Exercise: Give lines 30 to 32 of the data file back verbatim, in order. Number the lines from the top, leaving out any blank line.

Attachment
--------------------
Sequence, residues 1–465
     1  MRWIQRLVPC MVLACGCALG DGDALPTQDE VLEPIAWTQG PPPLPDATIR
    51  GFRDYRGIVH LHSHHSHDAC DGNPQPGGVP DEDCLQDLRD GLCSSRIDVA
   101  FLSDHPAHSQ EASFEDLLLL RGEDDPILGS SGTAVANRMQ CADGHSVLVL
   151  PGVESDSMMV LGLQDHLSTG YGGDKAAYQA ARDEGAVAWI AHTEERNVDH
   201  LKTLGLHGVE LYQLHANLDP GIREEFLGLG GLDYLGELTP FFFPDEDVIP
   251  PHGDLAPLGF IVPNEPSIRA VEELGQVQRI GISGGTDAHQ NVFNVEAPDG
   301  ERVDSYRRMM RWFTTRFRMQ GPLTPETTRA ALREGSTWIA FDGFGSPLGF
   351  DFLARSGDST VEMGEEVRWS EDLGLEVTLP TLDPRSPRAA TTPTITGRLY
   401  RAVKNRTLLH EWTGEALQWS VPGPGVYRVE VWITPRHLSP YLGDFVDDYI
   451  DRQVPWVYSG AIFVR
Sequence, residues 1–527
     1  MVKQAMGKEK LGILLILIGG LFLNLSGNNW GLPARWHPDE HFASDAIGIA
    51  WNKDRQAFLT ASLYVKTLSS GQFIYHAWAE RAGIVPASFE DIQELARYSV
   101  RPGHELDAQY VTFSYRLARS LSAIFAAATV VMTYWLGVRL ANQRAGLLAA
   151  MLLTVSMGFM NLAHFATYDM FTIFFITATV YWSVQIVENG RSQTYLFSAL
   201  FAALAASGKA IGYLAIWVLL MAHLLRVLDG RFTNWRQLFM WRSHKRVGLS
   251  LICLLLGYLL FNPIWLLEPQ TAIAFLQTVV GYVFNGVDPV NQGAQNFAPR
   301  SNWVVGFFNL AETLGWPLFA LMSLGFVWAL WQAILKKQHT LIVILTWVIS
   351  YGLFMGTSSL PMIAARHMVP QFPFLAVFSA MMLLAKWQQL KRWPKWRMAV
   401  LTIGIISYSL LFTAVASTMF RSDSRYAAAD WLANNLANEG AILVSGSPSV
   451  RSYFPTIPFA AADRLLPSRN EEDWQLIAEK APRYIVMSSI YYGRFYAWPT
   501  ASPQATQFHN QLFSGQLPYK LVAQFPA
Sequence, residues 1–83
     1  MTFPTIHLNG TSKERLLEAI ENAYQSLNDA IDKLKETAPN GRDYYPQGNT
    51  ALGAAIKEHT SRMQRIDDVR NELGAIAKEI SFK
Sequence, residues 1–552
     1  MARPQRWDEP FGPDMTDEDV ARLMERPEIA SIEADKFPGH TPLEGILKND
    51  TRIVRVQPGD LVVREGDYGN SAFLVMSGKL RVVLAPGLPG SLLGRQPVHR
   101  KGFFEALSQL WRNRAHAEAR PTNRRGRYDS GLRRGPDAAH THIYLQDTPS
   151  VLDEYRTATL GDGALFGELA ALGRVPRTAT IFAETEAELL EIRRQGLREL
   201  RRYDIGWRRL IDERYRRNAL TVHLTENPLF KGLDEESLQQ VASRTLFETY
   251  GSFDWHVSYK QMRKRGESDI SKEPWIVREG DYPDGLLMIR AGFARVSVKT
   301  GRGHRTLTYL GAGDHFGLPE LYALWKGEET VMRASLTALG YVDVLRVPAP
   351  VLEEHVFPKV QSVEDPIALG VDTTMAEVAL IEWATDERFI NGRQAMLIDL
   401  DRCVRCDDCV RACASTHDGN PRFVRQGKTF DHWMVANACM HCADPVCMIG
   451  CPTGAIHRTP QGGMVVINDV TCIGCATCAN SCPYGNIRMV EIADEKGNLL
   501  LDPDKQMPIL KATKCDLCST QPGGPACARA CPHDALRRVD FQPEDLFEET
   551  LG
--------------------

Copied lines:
   101  KGFFEALSQL WRNRAHAEAR PTNRRGRYDS GLRRGPDAAH THIYLQDTPS
   151  VLDEYRTATL GDGALFGELA ALGRVPRTAT IFAETEAELL EIRRQGLREL
   201  RRYDIGWRRL IDERYRRNAL TVHLTENPLF KGLDEESLQQ VASRTLFETY